20. 20. Establish P&G Technology Entrepreneur Network • >50 Technology Entrepreneurs Worldwide • 1,100 Leads in the First Year • 18,000 Fairs • Product Pickup in 126 Countries 20.10.2006 Slide 20 © Procter & Gamble 2004 / NOT FOR EXTERNAL DISTRIBUTION
  21. 21. e-R&D Communities: Pay-for-Performance External Networks Access to Access to Community of Global Community Over 10,000 Companies and of 15,000 Chemists Research Labs Innocentive.Com NineSigma.Com External Web-based External Business Problem Solving Solution Discovery Results Results On average, each problem is 50% hit rate on identifying attracting 70 solvers from significant new partnerships around the world. and capabilities. 20.10.2006 Slide 21
  22. 22. YourEncore 20.10.2006 Slide 22
  23. 23. Example #1: Swiffer Background: • P&G successfully launched Swiffer cloths for quick floor/surface cleaning • Expanded line into Swiffer Wet, Swiffer Wet Jet, Swiffer Dusters • Desire to increase consumption of cloths • Consumers still vacuum to get larger particles not captured by Swiffer 20.10.2006 Slide 23
  24. 24. What’s New With Connect + Develop Vision Previously <25% of Innovation • Acquire 50% of ideas externally Scope Externally Sourced • Cooked Read-to-Go Technology Mostly Technology Leads • Cooked Ready-to-Go Products That We Reduce to Focus • Disruptive Technologies Practice • Commercial Connections P&G Pays and Owns • Shared Risk/Reward Agreements Rewards Everything • Manage Know-How and Know-Who Manage Know-How Organization P&G Intellectual • License, Sell, and Donate Where Keep It Within P&G Property Appropriate 20.10.2006 Slide 24
  25. 25. Example #1: Swiffer Approach: • License Swiffer name to Royal/Dirt Devil for combination sweeper vac • Royal: small appliance mfr. with Dirt Devil® trademark • Royal incorporates Swiffer cloth into design; • Appliance includes starter pack of Swiffer cloths 20.10.2006 Slide 25
  26. 26. Example #1: Swiffer Results: • Strong sell-in of new appliance for Royal • Increased consumer satisfaction from combination vacuum/sweeper • Increased Swiffer consumption Duster Dry SWIFFER Mits Wet Jet 20.10.2006 Slide 26
  27. 27. Lessons Reapplying Cooked Technology and Advertising/Visualizations Gordon was launched by Unicharm in Japan 9/01. Early consumer/market results were very strong: P&G expressed interest in Gordon 10/01. Japanese copy proved to be successful in US market as well – Top 20 scores for all key measures. Reapplied successful images and “consumer copy” for launch materials and packaging. Used product from Japan for all consumer research work Swiffer Dusters Leveraged Unicharm (Project Gordon) manufacturing expertise to “How can we identify and launch Dusters within 18 months commercialize cooked technology and marketing?” 20.10.2006 Slide 27
  28. 28. Examples of F&HC C&D Product: Mr. Clean Magic Eraser Product Prospecting (Japan) External Connections: BASF Melamine Polymer 20.10.2006 Slide 28
  29. 29. Example #2: Spin Brush Leveraging a Cooked Business Idea Background • SpinBrush started in U.S. (one of about 200 toothbrush variants in the market). • Dr. Johns came to P&G to license Crest name. • Within a year Dr. Johns created the concept and landed in WalMart. The inventors are from the toy industry. The brush is a reapplication of the “Spin Pop” toy. • Dr. Johns was at .5 Million units/month when contacted P&G. P&G is currently running flat out and selling about 6 million units per month with considerable white space. • We purchased them 5 months after first contact. Learnings • Dr. Johns SpinBrush was a re-application of Spin Pop, a lollipop SpinBrush device developed by a toy manufacturer. “How can we find more business ideas in early • Good ideas/technologies will come from areas we never stages and in ‘non- envisioned. conventional’ places? 20.10.2006 Slide 29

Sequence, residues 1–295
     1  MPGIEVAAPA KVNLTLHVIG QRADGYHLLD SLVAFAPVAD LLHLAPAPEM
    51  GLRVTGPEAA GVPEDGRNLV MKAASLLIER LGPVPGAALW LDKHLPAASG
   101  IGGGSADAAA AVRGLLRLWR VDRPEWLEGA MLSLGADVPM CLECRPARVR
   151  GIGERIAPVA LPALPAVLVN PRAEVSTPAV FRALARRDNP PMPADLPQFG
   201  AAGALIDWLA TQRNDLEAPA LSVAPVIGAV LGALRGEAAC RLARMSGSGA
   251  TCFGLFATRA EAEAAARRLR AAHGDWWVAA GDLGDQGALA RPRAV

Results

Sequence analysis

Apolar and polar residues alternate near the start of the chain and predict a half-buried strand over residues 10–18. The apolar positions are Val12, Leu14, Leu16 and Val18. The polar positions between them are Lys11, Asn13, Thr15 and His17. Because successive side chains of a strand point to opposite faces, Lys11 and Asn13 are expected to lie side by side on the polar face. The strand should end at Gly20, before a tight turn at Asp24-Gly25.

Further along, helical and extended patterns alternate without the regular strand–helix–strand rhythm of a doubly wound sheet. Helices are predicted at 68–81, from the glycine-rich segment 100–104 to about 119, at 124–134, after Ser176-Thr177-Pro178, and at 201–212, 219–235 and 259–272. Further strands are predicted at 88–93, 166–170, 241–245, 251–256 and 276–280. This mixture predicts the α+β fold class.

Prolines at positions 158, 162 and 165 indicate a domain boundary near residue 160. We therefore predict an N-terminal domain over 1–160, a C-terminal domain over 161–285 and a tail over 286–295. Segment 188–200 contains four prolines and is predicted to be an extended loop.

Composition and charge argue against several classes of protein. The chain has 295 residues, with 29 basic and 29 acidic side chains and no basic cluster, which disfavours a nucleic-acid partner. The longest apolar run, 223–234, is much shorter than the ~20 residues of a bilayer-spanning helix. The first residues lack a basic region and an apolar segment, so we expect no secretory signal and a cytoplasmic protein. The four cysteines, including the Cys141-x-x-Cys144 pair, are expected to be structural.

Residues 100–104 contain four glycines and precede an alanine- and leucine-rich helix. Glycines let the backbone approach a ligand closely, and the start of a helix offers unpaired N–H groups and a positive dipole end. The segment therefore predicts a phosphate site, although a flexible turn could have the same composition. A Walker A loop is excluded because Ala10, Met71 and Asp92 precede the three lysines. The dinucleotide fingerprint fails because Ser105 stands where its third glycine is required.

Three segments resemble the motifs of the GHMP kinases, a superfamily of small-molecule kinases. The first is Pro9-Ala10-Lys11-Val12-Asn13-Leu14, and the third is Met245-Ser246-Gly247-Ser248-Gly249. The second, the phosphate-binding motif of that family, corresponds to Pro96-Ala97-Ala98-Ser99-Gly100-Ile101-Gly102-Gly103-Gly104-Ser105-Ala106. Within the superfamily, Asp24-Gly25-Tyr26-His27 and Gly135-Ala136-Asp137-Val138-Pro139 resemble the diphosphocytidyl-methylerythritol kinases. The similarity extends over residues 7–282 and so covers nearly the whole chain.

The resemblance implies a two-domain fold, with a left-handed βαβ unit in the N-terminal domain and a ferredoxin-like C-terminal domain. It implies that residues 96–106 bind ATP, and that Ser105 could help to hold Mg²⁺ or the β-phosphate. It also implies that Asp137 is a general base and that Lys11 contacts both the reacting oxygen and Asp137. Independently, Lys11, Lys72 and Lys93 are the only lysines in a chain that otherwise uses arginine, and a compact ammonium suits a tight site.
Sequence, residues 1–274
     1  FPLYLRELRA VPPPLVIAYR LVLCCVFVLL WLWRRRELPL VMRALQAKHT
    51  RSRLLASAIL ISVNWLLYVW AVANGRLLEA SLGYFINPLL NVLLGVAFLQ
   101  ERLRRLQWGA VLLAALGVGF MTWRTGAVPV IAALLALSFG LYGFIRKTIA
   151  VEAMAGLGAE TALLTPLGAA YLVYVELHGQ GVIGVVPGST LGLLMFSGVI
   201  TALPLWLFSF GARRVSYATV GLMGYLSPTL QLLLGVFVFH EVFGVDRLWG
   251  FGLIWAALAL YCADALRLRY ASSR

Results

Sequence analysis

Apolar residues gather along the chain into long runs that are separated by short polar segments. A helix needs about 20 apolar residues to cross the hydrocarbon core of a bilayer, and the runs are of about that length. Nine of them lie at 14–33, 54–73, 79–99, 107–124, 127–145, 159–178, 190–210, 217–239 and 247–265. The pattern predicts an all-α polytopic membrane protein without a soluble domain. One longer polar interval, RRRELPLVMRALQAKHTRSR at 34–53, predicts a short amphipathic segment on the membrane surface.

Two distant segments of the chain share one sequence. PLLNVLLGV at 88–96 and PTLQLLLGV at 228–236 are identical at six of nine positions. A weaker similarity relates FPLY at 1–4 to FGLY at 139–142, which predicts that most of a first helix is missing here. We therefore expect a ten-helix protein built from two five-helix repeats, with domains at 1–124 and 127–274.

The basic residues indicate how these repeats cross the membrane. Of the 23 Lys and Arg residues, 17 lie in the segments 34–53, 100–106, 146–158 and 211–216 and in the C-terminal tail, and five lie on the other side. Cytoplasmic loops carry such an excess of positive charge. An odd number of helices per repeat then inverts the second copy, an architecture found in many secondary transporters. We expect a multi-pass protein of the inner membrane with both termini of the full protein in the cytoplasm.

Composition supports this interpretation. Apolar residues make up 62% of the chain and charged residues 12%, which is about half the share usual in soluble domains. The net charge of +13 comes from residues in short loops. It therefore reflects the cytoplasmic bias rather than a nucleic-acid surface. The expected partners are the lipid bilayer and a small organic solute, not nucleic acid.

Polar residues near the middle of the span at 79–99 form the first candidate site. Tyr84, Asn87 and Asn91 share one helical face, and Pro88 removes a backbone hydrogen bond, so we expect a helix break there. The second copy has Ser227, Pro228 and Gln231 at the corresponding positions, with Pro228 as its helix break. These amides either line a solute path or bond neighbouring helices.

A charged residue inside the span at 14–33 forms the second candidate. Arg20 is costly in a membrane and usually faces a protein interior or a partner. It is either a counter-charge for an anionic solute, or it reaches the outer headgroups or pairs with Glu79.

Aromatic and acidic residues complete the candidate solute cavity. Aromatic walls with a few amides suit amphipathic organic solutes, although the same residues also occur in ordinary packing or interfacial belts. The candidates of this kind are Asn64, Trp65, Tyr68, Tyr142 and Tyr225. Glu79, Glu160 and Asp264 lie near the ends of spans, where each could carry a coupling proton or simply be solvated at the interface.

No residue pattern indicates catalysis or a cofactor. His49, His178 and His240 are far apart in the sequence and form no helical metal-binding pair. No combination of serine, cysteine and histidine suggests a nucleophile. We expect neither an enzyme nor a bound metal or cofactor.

30. 30. Case Study #1 – Glad JV 20.10.2006 Slide 30
  31. 31. About SusChem What is the European Technology Platform Sustainable Chemistry? The European Technology Platform for Sustainable Chemistry seeks to boost chemistry and chemical engineering research, development and innovation in Europe. SusChem is a multi-stakeholder platform that bridges academia, industry, SME’s, NGO’s and other relevant stakeholders. Strategic Research Agenda The Agenda describes what scientific questions need to be answered to accomplish the 2025 vision, by identifying strategically important issues with high society relevance, defining priorities for future research and presenting roadmaps for those thematic areas aimed at providing ‘fertile ground’ for subsequent commercial development and exploitation in Europe. 20.10.2006 Slide 31
  32. 32. Technology Sections in SusChem Industrial Biotechnology Materials Technology Reaction & Process Design Colja Laane Rüdiger Iden Klaus Sommer DSM BASF Aktiengesellschaft Bayer Technology Services Horizontal Issues Group Russel Mills, Dow . 20.10.2006 Slide 32
  33. 33. Smart Energy Home A Smart Energy Home creates more energy than needed for comfortable and healthy living of its habitants. 20.10.2006 Slide 33
  34. 34. True Networking Participation from almost all European Member States SusChem Board includes academics and industrialists plus positions for consumer organisation and financial community Participants in technology groups include various SMEs and downstream users (e.g. automotive and electronics industry) Horizontal group participants include NGOs, consultants, etc. and many more … 20.10.2006 Slide 34
  35. 35. To Conclude With customer needs clearly identified, innovation • becomes the critical parameter in assuring sustainable growth for all involved. • Networks are increasingly becoming the new enabler of innovation. • Europe is under-represented in the new networks, which are mostly web-based. • P&G‘s C+D concept has reapplication potential for industries that want to tap into a worldwide knowledge pool. 20.10.2006 Slide 35